Tuesday, 30 June 2015

Day 239 - Tremendously Beautiful Tortoiseshell Butterflies

Small Tortoiseshell ( Aglais urticae )
Hey everyone today's Day 239 and, as it's Summer, I thought I would cover something that usually comes out around this time. But before I do this, I just want to say 'sorry about the heatwave' to anybody that's living in England especially people down South as it is thought to get up to 35*C in London. The sad thing is where I am there's a weather warning as the temperature maximum is 26*C, and it's Sports Day tomorrow!

Anyway, on with today's post. Small Tortoiseshells butterflies usually come out around this time but I haven't actually seen many yet so I was lucky to see this one recently and grab some shots. I love butterflies in general and last year my Grandad actually bought me a Painted Lady growing kit. It had 5 caterpillars in it and, over the Spring, I successfully raised them and set all 5 of them free! There's a bit more about this in my Painted Lady post.

So, here are the Small Tortoiseshell facts:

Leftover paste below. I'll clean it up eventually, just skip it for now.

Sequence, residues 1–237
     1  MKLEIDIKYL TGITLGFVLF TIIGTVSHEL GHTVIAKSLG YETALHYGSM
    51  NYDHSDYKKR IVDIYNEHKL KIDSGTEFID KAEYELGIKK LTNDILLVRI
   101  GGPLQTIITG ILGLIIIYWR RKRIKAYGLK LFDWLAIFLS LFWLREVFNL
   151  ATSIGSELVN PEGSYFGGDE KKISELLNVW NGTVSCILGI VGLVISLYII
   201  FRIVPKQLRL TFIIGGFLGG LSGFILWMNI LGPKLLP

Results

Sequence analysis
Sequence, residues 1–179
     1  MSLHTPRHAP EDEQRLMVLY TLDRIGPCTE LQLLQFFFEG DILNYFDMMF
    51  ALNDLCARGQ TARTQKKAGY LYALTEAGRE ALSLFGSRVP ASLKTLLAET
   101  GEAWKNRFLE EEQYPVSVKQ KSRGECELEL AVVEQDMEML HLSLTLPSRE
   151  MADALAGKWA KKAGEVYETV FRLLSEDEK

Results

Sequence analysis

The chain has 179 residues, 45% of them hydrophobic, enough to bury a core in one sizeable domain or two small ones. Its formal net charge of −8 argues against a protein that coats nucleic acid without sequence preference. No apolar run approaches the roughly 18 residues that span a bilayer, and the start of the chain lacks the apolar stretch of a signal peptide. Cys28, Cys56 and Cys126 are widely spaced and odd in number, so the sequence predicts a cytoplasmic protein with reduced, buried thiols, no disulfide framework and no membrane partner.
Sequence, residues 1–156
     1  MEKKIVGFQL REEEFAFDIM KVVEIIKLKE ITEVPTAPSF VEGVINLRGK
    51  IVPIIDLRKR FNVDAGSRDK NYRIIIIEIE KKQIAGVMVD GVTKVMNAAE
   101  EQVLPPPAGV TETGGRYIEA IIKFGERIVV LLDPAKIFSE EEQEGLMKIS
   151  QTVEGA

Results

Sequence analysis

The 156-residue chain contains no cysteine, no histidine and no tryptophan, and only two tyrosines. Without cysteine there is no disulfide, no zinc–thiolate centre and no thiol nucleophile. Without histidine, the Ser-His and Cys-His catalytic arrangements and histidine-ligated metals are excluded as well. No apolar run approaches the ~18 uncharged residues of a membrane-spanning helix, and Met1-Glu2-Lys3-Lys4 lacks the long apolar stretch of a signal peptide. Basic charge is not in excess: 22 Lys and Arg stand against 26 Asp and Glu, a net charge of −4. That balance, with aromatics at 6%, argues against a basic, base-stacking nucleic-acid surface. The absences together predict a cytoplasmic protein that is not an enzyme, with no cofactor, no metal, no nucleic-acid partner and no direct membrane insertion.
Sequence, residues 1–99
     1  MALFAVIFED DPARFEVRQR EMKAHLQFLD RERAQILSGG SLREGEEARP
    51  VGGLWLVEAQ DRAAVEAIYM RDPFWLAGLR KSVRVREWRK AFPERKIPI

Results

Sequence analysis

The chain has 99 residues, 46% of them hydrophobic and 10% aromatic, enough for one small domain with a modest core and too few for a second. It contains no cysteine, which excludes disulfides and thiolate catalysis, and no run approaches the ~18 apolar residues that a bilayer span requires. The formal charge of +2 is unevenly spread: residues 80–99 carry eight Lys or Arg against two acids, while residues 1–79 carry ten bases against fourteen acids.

• Above I said that the usually come out this time of the year but not always. The high temperature is what wakes them.
All this heat should ensure lots are emerging
  • This means that they might come out of their hibernation on the first days of January or the middle of September. With the previous weather I have had up here, the heatwave should entice them out of their sleep.
  • They have a wingspan of 45-55mm in Males and 52-62mm and each wing has an orange backdrop with a black outline, at the top there is a line of black and peach. Right on the wing tip is a dab of white. 
  • Females lay their eggs on young stinging nettles, either the Common Nettle or the Small Nettle. 
  • This is because the larvae feed on these plants, the adults' main food source is nectar extracted from different plants. 
  • You will normally see the Tortoiseshell Butterfly throughout March to October, if the weather is right. The caterpillars are seen from May to August.
  • This is a long season as they often have two broods per year and explains why you often see hibernating Tortoiseshells.
Very successful but numbers are declining
  • They are usually found feeding on a variety of flowers in most 'flowery places' and in both urban and rural places.
  • They are a very successful butterfly in the UK and are very widespread being found all across the country including as far North of Shetland. 
  • Worryingly though there has been a decline in their numbers and this could be down to a fly who's larvae feed on the butterflys larvae. This fly Sturmia Bella,  is now more common due to global warming.
  • Their wings hold extremely good defence for them. When they are closed the look exactly like leaves, camouflaging them.
Here are some links to more information:

Hope you enjoyed,


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